People feel that they cannot talk to you if you are an aggressive person. Permitting people to state their points or to talk to you, asking people, "Hey, is there an issue? I see that you did not say anything in the meeting. Is there anything you want to share?" The aggressive person should give people the opportunity, "the safe zone," to express their issues. Do not push back but lean in. A person who operates mainly from aggression will quickly return with a retort, have something to say, or be defensive. If you are noticing that is your inclination, what you want to do is not push back but lean in. That means asking the person in conversation, "Oh, that is how you felt. Tell me more. Can you explain that a little bit? I did not get that from our conversation. Can you tell me how you perceived it?" The aggressive person needs to be willing to lean into someone else's perspective of the situation. 

Defining and displaying directness is a great one. The aggressive person often feels that I am not being aggressive. I am being direct. We have to check that. What does being direct look like? What is okay when it is being direct? What does it look like to move from being direct to being aggressive? If you are on the receiving end of aggressive behavior, you have to be willing to explain to the person that is being aggressive, "Hey, I do not mind you being direct. We are all adults here, and I respect that about you. However, when you do these things (you name them), I feel it moves from directness to aggression. 

Again, someone taking this course could benefit from saying there is a nurse in hall three that thinks she is direct in handling business. I have let her talk to me crazy long enough, but what I am not going to do is go head to head with her. I will tell her, "I appreciate you being direct, but these specific behaviors make me feel like you are being more aggressive than direct. Having the conversation is going to be awkward. It will not feel good, but it will yield positive results. Also, being willing to be more of a coach, not always trying to operate from the "I am the leader, I am the boss," but being willing to give coaching strategies.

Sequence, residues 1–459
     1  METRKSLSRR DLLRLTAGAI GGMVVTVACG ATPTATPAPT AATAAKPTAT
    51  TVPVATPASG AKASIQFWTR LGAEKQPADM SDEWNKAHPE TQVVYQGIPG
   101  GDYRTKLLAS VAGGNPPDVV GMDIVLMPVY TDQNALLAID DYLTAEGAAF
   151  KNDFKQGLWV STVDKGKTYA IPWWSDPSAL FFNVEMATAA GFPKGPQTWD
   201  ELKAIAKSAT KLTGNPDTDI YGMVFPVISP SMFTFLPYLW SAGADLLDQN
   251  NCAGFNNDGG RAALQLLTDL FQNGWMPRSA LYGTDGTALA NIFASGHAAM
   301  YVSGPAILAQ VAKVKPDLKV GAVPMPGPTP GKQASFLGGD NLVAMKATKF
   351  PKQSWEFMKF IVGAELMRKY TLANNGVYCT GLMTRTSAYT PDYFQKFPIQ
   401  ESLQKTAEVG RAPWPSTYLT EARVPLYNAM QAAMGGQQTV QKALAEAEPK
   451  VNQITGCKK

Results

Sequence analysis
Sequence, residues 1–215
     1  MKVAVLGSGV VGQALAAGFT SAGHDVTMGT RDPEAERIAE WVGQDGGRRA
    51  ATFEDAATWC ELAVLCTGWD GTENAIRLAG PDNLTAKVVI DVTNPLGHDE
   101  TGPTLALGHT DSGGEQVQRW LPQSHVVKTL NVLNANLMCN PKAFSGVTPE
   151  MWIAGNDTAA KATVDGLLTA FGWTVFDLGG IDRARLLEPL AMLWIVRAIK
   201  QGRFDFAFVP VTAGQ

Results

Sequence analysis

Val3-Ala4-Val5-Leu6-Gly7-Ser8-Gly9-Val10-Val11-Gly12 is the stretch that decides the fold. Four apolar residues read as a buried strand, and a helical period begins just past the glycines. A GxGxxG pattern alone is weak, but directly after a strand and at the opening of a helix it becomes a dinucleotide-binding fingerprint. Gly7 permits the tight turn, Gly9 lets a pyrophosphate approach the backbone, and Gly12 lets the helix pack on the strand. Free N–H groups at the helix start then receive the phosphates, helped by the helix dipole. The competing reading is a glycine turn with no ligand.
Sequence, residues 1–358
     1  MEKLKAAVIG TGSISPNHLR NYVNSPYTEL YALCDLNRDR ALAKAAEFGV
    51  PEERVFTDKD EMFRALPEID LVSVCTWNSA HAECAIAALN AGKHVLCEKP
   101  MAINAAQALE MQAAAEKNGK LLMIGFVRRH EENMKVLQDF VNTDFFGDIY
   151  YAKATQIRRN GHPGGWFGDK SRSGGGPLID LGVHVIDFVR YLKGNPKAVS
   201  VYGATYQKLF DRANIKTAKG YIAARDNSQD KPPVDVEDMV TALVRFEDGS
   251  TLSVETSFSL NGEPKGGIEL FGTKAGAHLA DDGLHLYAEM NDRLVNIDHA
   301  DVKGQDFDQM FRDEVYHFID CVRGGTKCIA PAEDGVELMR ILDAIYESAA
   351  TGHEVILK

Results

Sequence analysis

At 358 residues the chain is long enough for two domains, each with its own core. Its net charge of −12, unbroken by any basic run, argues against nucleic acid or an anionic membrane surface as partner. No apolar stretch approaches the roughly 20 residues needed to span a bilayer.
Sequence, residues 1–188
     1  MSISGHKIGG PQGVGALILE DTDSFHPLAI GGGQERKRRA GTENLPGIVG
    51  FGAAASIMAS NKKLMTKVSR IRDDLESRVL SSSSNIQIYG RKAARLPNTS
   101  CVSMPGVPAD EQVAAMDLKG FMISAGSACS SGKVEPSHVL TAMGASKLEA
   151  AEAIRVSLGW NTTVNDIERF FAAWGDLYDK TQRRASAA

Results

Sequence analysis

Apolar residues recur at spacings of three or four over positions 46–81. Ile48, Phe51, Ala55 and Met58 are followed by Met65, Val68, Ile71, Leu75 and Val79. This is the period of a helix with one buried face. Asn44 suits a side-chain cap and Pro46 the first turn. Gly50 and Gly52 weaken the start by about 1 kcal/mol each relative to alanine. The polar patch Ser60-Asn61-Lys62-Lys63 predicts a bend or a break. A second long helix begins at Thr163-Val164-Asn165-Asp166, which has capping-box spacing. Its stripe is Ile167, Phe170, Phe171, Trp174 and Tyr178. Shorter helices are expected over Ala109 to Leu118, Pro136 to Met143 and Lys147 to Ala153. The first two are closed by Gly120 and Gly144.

The Soft Skills Gap

  • Consistent studies show companies reporting a soft skills gap
  • 59% of hiring managers and 89% of executives report difficulty recruiting candidates with an adequate demonstration of communication, teamwork, and leadership

Conflict occurs because we do not know how to speak to someone or we are not being efficient. We can be great clinicians, the best doctor, and the best respiratory therapist in the world, but we can have all this drama around us because we have not worked on our soft skills. Consistent studies show that companies report a soft skills gap, 59% of hiring managers and 89% of executives say they have difficulty recruiting candidates with an adequate demonstration of communication, teamwork, and leadership. We have all these people with doctorate degrees and master's degrees. We go on to get certifications in a particular new strategy. We are becoming some of the most efficient, intelligent respiratory and occupational therapists. Still, we have this vast cataclysmic gap in soft skills. As we build up our skill set, we need to ensure that we are not leaving behind these soft skills that make working in departments either great or awful.

Figure 4. Soft skills.

Examples of soft skills include communication, problem-solving, leadership, teamwork, adaptability, creativity, time management, emotional intelligence, empathy,  and flexibility. These are things that you should ask, "Why are we even talking about this?" You look into these boxes, and you could probably put a coworker's name in each box with a gap in one of these soft skills. To be honest, we could probably write our names in some of these boxes. We must commit to working on these skills ourselves to know how to navigate other people who have these gaps. 

Why the Gap Is Growing 

  • Increase in Virtual and Remote Positions
  • Less touch points
  • Less in services
  • In services are replacing trainings
  • Less organic learning through observation and modeling
  • The “should” trap (develop)
  • Fireplace vs. Fire mentality (monitor)